The Cat Concerto

The Cat Concerto

Infobox Hollywood cartoon
cartoon_name = The Cat Concerto
series = Tom and Jerry

caption =
director = William Hanna
Joseph Barbera
story_artist = William Hanna
Joseph Barbera
animator = Kenneth Muse Ed Barge Irven Spence
musician = Scott Bradley
producer = Fred Quimby
distributor = Metro-Goldwyn-Mayer
release_date = flagicon|US April 26, 1947
color_process = Technicolor
runtime = 7' 49"
movie_language = English
imdb_id = 0039251
preceded_by = "Part Time Pal"
followed_by = "Dr. Jekyll and Mr. Mouse "

"The Cat Concerto" is a 1946 one-reel animated cartoon and is the 29th "Tom and Jerry" short, produced in Technicolor in 1946 and released to theatres on April 26 1947 by Metro-Goldwyn Mayer. It was produced by Fred Quimby and directed by William Hanna and Joseph Barbera, with musical supervision by Scott Bradley, and animation by Kenneth Muse, Ed Barge and Irven Spence. It won the 1946 . In 1994 it was voted #42 of the 50 Greatest Cartoons of all time by members of the animation field.


The plot centres on a formal concert, where Tom, a piano virtuoso, is giving a piano recital of "Hungarian Rhapsody No. 2" by Franz Liszt. Jerry, who has been asleep inside the piano, is rudely awakened by the hammers, then sits on top of the grand piano to mock the cat by "conducting" him. Tom cannot abide this, and flicks Jerry off the piano. All the while, Tom continues playing without any interruptions.

Now Jerry arises from under one of the keys. Tom hammers down on the key, while Jerry runs back and forth underneath. As Tom lifts his paws from the keys, the piano continues playing. He looks over the edge of the piano and spots Jerry playing the felts from inside. Tom knocks the rodent out with a tuning tool. Jerry gets revenge by slamming the piano lid onto Tom's fingers, flattening them. But he resumes playing, as Jerry attempts to chop off the cat's fingers with a pair of scissors. When this fails, he substitutes a mousetrap for some of the keys. Tom's finger does get caught and swells to ballooning proportions.

Jerry prances up and down on the piano, upon which Tom climbs and proceeds to play - with his feet. As Tom gets back down to play with his fingers, Jerry dances around on the felts, changing the tune from the Rhapsody to "On the Atchison, Topeka, and the Santa Fe." Tom snatches Jerry in his fist and throws him into the piano stool. Jerry crawls out of an opening and manipulates the seat's controls, cranking it up, and then sending it crashing down.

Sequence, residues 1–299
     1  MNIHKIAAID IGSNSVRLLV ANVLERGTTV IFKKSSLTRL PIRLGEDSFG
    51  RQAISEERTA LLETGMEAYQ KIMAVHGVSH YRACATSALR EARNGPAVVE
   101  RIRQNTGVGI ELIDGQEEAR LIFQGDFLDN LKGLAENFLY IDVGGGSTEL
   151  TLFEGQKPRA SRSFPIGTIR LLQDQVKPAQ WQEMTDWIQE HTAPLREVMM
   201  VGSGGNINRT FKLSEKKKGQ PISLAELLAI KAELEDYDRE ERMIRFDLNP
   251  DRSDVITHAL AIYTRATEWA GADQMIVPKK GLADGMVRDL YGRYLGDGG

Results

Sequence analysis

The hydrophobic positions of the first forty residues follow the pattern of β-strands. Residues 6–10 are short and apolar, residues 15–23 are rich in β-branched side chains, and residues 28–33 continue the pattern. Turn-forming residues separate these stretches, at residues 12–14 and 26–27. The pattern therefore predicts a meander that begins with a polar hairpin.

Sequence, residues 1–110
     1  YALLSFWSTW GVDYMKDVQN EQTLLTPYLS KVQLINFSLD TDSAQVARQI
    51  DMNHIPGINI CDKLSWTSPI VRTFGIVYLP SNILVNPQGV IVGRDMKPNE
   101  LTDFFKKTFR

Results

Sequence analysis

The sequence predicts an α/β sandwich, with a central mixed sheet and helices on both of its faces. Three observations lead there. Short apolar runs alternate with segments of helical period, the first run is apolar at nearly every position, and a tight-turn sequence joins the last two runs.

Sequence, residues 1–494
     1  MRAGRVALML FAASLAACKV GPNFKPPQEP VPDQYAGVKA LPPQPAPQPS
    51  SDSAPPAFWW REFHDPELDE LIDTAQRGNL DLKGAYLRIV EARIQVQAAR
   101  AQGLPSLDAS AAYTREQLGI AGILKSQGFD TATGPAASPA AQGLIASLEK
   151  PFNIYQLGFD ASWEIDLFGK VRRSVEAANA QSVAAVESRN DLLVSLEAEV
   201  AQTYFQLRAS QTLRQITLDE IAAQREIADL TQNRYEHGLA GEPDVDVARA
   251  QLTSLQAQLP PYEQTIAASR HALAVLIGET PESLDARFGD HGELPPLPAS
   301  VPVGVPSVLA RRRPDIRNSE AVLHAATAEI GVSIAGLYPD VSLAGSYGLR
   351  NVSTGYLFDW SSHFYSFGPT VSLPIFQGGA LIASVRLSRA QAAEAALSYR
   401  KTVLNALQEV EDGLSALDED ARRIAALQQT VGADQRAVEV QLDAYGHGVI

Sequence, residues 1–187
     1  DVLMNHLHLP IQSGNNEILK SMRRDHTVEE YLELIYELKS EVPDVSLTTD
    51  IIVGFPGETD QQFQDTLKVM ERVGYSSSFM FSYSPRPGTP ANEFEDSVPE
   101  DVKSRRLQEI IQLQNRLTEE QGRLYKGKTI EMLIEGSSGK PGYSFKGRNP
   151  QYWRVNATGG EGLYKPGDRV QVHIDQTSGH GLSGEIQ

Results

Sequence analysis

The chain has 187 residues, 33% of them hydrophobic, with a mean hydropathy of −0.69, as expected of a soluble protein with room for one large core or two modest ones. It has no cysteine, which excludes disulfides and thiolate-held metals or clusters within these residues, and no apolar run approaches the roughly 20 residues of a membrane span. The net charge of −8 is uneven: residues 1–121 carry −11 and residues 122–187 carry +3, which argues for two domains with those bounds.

Still playing, Tom stuffs Jerry into the felts. The felts take on a life of their own, bashing Jerry about, spanking him, and squashing him to and fro. Jerry manages to break off some felts and play them on the strings. He plays faster and faster, so that Tom simply cannot keep up. No longer in control of the piano, Tom tries to keep up appearances but collapses in exhaustion after finishing the tune.

And of course, Jerry takes all the applause and credit for himself.


The same year MGM produced "The Cat Concerto", Warner Bros. released a nearly identical cartoon entitled "Rhapsody Rabbit". Directed by Friz Freleng, "Rhapsody Rabbit" featured Bugs Bunny opposite an unnamed mouse. Both shorts had very similar plots, and even use the same classical piece by Liszt.

Both MGM and Warner Bros. accused each other of plagiarism, after both films were shown during the 1947 Academy Awards ceremony. Technicolor was accused of sending a print of either cartoon to the competing studio, who then allegedly plagiarized their rival's work. Ironically, Warner's current parent Time Warner now owns the "Tom and Jerry" cartoons as well. This controversy was the subject of an episode on the Cartoon Network documentary show "ToonHeads".

External references

* [ The Cat Concerto] , a section of Nicola Watts' "Cartoons and Music" 1997 Multimedia Analysis and Design project at the Humanities Advanced Technology and Information Institute (HATII) at the University of Glasgow.
* [ Peter Gimpel, son of Jakob Gimpel explaining everything between the controversy]

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